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Bob Dylan has done it again. He has mischievously upended the verities, and stuck a guitar pick in the eye of Mr. Jones. Winning the Nobel is the latest of his predictable mischievous victories; he’s once more daringly done that which songwriters aren’t supposed to do. Another feather in the fedora; another laurel around the guitar neck; another triumph for America’s most predictably mercurial hero. It’s so surprising it barely feels like a surprise.
No one predicted Dylan’s victory. And yet, in retrospect, it is oddly, dully, predictable. Of course, if the Nobel committee wanted to show it was hip, it would pick Dylan. Of course if it wanted to show that popular music could be literature, it would pick Dylan. Of course, if it decided to be different and exciting, it would pick Dylan. Dylan’s brand is “different and exciting”. It has been for going on half a century.
Dylan is different and exciting for the traditional, canonical reason that pop musicians in the US are viewed as different and exciting, from Elvis to Eminem. He’s a white, middle-class performer adopting a style associated with black people and poor people. Dylan, “created new poetic expressions within the great American song tradition,” the Nobel committee declared. He took the raw, authentic stuff of raw authentic people, and turned it into poetry that even literary scholars can appreciate. That’s what “genius” means when you talk about rock music—and literature too, apparently.
I’m not a fan of Dylan’s lyrics myself. Howlers like “She aches just like a woman/but she breaks like a little girl” are infamous, but even his more praised efforts sound to my ears like meandering doggerel—would-be profundities looking for a rhyme. “Blowin’ in the Wind” with its “how many roads must a man walk down” comes across as vague bathos compared to something like Big Bill Broonzy’s plainspoken, bitterly cheerful declaration, “If you was white, you’d be all right, if you’re brown, stick around, but if you’re black, get back, get back.” The apocalyptic “Hard Rain’s a Gonna Fall” is celebrated for its cascade of imagery. But is “I saw a black branch with blood that kept drippin'” especially vivid or original? To my ears at least it’s a lot less chilling than Lloyd Chandler’s haunting, direct apprehension of death:
I’ll close your eyes so you can’t see.
This very hour come and go with me.
Death I come to take the soul.
Leave the body and leave it cold.
To drop the flesh up off the frame.
Dirt and worm both have a claim.
For that matter, compare one of Dylan’s most offhand, least pretentious lyrics:
Buckets of rain
Buckets of tears
Got all of them buckets coming out of my ears
Buckets of moonbeams in my hand
You got all the love honey baby
I can stand.
I love the offhand whimsy and the hint of self-parody in the “buckets coming out of my ears.” But I still much prefer Chuck Berry.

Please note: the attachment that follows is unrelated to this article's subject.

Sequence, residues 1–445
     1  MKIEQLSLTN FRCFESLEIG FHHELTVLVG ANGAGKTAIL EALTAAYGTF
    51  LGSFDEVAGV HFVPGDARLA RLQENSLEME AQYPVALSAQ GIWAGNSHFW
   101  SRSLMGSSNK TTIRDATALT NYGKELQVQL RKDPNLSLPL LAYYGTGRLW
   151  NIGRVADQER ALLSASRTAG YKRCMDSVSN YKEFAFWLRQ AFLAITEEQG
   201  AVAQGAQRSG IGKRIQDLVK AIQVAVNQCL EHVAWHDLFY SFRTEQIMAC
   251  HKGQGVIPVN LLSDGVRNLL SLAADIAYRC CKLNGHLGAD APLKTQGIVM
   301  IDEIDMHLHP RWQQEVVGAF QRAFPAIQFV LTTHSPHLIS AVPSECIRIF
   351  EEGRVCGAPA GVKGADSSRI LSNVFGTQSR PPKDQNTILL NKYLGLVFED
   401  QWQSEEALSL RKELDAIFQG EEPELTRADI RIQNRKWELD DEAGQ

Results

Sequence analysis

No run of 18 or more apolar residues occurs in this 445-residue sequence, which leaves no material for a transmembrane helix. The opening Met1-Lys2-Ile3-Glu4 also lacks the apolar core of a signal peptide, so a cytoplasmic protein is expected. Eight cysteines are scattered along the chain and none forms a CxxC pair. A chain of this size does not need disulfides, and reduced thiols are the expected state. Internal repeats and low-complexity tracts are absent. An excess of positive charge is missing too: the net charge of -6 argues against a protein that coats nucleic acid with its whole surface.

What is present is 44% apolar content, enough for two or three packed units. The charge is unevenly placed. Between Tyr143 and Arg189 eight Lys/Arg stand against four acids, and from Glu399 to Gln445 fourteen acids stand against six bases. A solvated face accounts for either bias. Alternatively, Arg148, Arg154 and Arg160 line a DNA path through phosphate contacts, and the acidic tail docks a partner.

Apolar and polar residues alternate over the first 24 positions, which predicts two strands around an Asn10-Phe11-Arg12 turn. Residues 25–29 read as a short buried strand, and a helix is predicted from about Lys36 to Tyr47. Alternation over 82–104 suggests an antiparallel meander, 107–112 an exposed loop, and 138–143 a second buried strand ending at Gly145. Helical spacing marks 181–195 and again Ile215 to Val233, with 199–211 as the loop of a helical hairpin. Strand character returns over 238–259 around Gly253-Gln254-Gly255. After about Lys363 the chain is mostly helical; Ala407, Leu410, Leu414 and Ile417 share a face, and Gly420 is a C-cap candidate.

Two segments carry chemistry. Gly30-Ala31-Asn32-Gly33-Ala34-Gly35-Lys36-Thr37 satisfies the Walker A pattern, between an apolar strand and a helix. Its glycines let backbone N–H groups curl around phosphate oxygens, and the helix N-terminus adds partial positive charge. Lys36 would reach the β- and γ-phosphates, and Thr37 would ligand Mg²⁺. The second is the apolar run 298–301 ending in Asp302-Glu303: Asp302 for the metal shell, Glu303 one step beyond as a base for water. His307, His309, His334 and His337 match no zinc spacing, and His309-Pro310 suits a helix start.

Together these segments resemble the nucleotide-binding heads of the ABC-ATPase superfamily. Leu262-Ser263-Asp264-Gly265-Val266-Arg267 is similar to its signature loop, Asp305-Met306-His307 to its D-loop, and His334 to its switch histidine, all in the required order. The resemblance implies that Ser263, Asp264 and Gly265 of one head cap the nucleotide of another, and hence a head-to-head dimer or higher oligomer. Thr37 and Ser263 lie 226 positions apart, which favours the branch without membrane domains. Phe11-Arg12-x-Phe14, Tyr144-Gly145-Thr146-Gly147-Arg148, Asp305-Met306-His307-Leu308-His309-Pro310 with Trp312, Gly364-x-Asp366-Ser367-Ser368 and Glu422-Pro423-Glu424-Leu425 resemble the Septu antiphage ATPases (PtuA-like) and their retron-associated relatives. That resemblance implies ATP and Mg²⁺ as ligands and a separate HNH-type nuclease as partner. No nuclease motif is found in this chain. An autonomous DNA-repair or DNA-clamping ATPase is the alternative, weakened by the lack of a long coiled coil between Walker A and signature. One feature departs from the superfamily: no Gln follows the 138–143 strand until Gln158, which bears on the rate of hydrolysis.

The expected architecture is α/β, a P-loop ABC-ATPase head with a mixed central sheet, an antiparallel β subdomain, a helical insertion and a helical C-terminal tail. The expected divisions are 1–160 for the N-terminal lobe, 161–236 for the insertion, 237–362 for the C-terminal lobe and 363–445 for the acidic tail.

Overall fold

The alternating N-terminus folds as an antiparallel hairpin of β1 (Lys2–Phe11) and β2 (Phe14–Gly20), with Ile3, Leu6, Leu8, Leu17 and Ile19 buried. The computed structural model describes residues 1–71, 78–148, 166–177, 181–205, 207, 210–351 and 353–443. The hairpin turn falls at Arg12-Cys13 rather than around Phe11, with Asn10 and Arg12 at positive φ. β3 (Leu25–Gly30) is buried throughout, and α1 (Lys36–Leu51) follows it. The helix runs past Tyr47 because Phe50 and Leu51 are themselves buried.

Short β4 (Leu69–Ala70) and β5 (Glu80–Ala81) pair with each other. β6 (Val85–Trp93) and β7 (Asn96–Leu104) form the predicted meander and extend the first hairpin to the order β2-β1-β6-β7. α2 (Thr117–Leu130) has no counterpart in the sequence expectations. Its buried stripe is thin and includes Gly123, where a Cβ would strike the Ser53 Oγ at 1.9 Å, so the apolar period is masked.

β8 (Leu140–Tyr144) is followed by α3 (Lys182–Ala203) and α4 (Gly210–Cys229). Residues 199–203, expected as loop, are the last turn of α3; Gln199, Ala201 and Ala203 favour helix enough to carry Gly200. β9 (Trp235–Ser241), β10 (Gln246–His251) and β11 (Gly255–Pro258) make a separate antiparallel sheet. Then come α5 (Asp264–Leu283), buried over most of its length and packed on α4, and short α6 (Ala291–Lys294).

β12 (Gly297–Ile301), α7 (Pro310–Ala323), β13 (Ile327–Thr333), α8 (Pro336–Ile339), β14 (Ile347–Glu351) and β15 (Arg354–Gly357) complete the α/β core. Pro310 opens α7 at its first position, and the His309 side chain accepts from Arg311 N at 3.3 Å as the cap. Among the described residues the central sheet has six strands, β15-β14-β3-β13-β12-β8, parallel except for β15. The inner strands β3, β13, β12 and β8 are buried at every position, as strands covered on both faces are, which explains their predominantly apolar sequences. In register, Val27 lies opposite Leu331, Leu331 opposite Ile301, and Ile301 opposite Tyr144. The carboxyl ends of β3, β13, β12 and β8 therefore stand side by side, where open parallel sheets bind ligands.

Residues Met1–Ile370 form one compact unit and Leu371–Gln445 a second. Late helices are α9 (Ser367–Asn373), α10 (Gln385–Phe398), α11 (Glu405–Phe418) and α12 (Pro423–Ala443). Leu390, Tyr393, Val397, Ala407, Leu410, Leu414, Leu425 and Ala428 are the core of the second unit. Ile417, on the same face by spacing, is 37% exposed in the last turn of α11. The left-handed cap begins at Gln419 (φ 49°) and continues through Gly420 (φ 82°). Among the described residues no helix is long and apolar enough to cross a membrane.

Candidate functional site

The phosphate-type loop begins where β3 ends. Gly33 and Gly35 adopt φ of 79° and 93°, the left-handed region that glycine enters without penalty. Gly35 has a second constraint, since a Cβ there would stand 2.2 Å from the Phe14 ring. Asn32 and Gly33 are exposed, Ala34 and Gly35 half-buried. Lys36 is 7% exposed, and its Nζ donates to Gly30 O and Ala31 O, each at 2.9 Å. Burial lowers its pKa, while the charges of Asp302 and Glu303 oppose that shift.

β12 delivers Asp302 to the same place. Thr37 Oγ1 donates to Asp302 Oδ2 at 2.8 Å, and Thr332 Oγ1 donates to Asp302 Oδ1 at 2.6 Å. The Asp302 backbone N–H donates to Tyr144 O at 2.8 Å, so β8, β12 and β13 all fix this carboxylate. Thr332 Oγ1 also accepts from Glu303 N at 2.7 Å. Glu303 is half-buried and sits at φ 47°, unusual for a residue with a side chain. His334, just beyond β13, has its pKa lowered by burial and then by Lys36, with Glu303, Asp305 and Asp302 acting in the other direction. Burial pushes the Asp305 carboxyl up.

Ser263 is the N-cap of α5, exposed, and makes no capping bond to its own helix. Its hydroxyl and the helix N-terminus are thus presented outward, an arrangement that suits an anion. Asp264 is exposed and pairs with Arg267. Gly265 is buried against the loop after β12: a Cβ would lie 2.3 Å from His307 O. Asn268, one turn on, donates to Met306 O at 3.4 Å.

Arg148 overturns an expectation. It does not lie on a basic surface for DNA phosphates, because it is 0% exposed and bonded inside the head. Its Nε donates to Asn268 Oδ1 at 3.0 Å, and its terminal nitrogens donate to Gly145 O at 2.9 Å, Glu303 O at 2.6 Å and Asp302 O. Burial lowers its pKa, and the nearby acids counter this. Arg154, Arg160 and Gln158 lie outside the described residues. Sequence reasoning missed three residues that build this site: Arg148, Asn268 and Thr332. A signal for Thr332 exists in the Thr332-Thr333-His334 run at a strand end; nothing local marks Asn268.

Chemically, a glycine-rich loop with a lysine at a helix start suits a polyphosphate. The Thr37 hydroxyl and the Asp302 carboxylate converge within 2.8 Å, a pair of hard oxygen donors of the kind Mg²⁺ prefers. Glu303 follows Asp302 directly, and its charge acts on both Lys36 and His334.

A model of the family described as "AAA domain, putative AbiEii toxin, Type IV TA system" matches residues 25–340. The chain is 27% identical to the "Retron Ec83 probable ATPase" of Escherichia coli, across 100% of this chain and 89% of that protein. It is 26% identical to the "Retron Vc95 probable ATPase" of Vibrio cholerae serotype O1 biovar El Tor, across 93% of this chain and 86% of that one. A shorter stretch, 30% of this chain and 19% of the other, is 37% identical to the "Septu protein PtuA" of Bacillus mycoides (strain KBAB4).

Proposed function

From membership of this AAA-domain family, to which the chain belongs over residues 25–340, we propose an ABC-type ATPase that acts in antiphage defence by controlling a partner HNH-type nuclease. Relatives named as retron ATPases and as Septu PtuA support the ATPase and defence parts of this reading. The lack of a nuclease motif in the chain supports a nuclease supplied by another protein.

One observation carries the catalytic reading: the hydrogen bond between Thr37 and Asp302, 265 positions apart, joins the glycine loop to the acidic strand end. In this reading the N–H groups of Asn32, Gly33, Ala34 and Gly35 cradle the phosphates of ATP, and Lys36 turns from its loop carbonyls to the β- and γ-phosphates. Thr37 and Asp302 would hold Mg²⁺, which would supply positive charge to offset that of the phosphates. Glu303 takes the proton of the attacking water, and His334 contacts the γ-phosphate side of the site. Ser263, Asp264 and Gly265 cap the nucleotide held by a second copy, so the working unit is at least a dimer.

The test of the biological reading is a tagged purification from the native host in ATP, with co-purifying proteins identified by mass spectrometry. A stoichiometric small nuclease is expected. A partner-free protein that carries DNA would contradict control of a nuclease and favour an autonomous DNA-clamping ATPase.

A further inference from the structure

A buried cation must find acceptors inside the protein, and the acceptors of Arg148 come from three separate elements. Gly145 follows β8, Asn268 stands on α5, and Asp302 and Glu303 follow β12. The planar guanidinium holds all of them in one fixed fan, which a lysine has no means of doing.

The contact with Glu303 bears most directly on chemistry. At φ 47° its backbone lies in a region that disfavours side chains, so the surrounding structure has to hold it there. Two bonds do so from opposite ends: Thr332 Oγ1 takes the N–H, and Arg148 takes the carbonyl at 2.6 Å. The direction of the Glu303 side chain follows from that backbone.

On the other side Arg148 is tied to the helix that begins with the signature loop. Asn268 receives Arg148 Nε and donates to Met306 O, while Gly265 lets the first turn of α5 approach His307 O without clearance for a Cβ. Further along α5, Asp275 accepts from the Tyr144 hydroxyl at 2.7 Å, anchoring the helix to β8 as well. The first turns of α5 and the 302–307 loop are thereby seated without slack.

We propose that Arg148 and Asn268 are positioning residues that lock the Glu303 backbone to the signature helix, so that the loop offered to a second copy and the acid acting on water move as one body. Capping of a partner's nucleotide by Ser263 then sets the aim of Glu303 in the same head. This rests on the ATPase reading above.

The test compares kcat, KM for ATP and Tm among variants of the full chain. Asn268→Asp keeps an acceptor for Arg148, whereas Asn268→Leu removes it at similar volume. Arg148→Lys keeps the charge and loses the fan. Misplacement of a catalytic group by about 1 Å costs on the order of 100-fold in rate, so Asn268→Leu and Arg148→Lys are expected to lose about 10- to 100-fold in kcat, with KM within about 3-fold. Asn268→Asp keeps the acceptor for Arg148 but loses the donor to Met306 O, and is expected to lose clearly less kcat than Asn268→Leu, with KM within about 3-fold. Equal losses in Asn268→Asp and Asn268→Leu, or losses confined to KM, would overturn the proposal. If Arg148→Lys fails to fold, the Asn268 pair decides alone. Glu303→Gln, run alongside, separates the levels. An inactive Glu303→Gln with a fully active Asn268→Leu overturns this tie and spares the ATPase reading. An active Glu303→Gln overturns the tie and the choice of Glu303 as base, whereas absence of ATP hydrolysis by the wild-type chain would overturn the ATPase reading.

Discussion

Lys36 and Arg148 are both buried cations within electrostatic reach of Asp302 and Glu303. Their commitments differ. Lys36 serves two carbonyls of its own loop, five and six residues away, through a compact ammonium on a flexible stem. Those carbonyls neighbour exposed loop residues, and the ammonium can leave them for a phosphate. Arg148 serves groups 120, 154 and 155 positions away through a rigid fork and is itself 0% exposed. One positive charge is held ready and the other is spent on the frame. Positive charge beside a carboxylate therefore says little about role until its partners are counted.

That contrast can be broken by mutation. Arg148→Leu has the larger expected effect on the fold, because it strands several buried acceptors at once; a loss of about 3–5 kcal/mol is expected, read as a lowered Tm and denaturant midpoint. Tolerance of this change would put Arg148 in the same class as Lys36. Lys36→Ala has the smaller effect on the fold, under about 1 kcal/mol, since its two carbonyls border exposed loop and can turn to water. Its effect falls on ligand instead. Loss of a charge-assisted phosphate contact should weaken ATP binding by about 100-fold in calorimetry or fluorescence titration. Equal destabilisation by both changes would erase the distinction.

Milo de Venus was a beautiful lass
She had the world in the palm of her hand
But she lost both her arms in a wrestling match
To get a brown eyed handsome man
She fought and won herself a brown eyed handsome man.
I love the loopy renaming of the Venus de Milo to turn her into a contemporary character, the cliché of “world in the palm of her hand” turned into a joke because she doesn’t have any. And then the third line where the arms, just reattached, come off again in a struggle to land that brown-eyed man—who is also, maybe, a brown-skinned man, courting that old Greek statue so well she can’t help but to become his. Berry, who was Native American and African-American, takes that snooty Western white culture and makes it his, because his guitar sting is just that sexy, and just that smart.
The point here isn’t that Bob Dylan’s writing or music is terrible. Bob Dylan is often wonderful. But the Nobel Prize isn’t just saying he’s wonderful. It’s saying he is an apogee of American song; the one lyricist and performer deserving (so far) of the term “literature”. The Nobel crowns Dylan as a performer who has elevated his genre, and has used it in ways that have never been used before.
When you put Dylan next to Broonzy, or Chandler, or Berry, or, Cole Porter, or Joni Mitchell, or Andre 3000, that claim of clear superiority doesn’t hold up. You can love Dylan or hate Dylan, just as you can love Elvis or hate Elvis. But even if you love Elvis, it’s hard to argue that he was the King because he was somehow an exponentially more talented performer than Ike Turner, or LaVern Baker. Rather, he was the King because critics, and the public, see a white person reshaping black sources as a quintessence of creativity and cool.
In choosing Dylan, the Nobel committee cheekily subverted the usual canons of taste and literature. But Dylan as cheeky subversion is, unfortunately, its own tired trope. The power of Dylan, as an icon, is that he has smuggled the work of supposedly unsophisticated others into the hoity-toity bastion of high culture. In choosing him as the representative of American popular music, the Nobel committee shows the words of those outside the academy can be literature—when they’re spoken by the right people. Chuck Berry is still alive, but he won’t be going to Europe to sweep Milo de Venus off her feet. Instead, it’ll be that same old unexpected guy again. If you’re Dylan, they’re willin’. If you’re black, get back.